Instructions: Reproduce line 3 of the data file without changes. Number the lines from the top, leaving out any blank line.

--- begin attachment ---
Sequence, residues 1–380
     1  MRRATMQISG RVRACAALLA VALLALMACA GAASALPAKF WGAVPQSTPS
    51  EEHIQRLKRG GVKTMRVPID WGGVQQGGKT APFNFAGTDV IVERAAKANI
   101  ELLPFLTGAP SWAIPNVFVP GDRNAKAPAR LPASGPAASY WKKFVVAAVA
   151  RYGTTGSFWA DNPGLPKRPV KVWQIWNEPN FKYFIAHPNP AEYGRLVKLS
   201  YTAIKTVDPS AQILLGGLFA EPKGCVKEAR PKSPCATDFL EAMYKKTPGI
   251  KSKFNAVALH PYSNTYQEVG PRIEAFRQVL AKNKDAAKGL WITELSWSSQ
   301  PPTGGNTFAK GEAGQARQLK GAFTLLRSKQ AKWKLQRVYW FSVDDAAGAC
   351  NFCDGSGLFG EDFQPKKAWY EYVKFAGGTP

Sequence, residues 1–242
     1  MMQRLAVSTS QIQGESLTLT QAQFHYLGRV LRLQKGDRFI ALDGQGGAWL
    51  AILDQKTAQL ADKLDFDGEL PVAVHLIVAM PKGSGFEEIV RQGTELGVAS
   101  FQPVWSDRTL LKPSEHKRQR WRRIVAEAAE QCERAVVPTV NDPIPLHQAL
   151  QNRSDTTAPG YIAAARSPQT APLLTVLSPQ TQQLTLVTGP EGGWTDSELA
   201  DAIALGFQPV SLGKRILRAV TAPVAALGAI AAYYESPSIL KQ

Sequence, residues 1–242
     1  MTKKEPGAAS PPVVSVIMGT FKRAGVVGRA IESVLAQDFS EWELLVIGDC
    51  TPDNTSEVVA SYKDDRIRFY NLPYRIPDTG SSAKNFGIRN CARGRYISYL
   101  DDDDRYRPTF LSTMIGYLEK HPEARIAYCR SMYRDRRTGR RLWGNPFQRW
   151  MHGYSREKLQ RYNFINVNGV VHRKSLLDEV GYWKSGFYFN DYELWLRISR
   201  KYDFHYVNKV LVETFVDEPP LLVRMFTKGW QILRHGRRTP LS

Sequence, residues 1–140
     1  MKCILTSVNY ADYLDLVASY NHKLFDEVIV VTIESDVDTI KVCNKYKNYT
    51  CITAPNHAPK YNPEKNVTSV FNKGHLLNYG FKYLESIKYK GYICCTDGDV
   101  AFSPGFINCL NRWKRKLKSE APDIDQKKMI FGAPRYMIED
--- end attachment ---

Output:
    51  EEHIQRLKRG GVKTMRVPID WGGVQQGGKT APFNFAGTDV IVERAAKANI